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Saddam pleads not guilty to mass murder, then orders execution of judges and their families

saddamtrial_thumb_1_1.jpgThe show trial of Saddam Hussein has begun in Bahgdad. The Special Tribunal began its hearing two weeks early because judges feared there would not be time to get through all the evidence before Saddam’s execution on 18 December this year. Charged with the murder and torture of 148 Shiites in Dujail in 1982, Saddam pleaded “not guilty”, after agreeing that calling himself “innocent” was a bit of a stretch. Saddam’s lawyers say the former dictator’s defence will be that he was just issuing orders.

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"Honest, your honour – I’m only lying this much"

The show trial of Saddam Hussein has begun in Bahgdad. The Special Tribunal began its hearing two weeks early because judges feared there would not be time to get through all the evidence before Saddam’s execution on 18 December this year.

Charged with the murder and torture of 148 Shiites in Dujail in 1982, Saddam pleaded “not guilty”, after agreeing that calling himself “innocent” was a bit of a stretch. His lawyers outlined the former dictator’s defence, which is that he was just issuing orders and that the killings and torture were in fact conducted by low-ranking officials who feared they would be killed and tortured if they did not obey. As a secondary defence Hussein will claim to have never killed a human being, “only foul pig-dogs”.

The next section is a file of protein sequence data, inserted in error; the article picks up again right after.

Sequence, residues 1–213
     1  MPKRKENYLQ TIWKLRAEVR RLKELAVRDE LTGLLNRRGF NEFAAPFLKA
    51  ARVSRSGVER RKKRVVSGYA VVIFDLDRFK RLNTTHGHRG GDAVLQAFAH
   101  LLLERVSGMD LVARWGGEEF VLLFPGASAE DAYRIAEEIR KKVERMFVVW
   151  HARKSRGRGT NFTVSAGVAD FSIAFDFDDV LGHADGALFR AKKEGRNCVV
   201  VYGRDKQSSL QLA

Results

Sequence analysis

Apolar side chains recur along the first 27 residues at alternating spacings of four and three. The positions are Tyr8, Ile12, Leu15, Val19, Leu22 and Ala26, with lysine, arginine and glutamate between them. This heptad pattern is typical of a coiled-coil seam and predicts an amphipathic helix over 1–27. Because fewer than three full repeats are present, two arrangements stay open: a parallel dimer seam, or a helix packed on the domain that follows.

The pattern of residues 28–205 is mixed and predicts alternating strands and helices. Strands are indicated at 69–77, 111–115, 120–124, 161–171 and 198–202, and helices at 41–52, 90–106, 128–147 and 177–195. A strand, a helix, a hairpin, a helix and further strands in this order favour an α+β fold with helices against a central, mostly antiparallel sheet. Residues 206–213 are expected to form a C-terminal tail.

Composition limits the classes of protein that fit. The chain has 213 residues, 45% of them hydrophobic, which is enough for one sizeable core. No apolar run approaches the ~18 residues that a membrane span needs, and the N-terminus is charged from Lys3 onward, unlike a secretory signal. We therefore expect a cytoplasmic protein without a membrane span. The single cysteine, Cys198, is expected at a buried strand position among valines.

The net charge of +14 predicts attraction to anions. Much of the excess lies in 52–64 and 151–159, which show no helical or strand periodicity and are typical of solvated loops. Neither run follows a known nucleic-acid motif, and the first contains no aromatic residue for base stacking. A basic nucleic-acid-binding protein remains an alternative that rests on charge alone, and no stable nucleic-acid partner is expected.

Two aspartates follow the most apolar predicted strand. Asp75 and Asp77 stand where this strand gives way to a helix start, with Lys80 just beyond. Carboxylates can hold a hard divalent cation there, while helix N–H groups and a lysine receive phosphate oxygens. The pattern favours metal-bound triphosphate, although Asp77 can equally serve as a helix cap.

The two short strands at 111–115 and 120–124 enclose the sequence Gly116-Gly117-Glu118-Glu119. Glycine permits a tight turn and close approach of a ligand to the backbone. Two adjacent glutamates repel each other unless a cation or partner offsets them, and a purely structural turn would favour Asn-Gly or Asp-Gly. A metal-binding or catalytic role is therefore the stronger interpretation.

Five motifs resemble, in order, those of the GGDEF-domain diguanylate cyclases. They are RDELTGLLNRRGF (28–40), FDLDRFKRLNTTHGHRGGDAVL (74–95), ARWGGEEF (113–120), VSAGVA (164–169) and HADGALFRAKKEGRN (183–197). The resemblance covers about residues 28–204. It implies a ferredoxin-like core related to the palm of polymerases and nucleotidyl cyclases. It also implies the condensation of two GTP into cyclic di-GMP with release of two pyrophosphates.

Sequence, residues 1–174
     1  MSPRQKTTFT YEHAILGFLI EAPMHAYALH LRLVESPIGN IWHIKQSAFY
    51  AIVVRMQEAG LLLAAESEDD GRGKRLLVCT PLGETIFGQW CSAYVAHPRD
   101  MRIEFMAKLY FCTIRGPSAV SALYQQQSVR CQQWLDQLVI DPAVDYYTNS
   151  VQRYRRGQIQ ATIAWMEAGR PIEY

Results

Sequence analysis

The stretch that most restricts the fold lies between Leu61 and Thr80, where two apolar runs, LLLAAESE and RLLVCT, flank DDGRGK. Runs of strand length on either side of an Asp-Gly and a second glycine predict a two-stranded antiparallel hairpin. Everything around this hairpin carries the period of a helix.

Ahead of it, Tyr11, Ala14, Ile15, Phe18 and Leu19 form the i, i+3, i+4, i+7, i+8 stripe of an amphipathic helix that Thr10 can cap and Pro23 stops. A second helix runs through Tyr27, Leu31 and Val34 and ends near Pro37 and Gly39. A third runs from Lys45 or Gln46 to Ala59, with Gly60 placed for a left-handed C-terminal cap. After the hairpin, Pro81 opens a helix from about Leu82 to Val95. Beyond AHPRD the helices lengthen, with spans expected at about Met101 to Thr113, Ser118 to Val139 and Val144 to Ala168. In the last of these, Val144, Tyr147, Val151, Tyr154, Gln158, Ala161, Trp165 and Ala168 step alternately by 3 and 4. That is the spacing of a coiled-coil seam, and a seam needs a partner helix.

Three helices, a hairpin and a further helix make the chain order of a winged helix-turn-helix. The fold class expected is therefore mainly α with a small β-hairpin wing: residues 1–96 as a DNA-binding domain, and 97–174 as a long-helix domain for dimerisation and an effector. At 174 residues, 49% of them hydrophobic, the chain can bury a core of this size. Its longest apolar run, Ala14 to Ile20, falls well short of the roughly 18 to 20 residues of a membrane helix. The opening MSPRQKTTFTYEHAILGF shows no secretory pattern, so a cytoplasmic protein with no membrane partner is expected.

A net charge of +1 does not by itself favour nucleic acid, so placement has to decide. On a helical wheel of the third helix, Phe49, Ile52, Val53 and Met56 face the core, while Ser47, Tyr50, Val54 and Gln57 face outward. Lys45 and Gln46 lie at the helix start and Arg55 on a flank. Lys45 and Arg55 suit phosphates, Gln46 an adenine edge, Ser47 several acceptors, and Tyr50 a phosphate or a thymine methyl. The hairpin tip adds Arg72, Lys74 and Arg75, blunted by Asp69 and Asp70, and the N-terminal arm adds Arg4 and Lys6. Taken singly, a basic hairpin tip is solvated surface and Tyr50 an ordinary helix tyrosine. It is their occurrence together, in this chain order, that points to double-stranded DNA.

But the credibility of Saddam’s defence appeared to be undermined when the defendant announced that as retribution for his trial he had ordered the execution of the all judges as well as their families and indiscriminate members of their tribes. The judges were not deterred by Saddam however, saying that the former dictator’s threats would not make life in Iraq any more dangerous for them than it is already is for everyone else.

The outburst is the biggest setback for the former dictator since his defence team failed to convince the Tribunal that the case should be heard by a jury, specifically the jury which acquitted Michael Jackson. But the members of Saddam’s legal team who haven’t been murdered yet intend to press on with his defence. It is understood Hussein will call a number of witnesses to attest to his good character, including his notorious cousin Chemical Ali, onetime Information Minister Mohammed Saeed al-Sahhaf and an American business partner, Defence Secretary Donald Rumsfeld.

Although he faces the death penalty, Saddam does not expect to be executed because he still claims to be the President of Iraq and has said that, if convicted, he will pardon himself.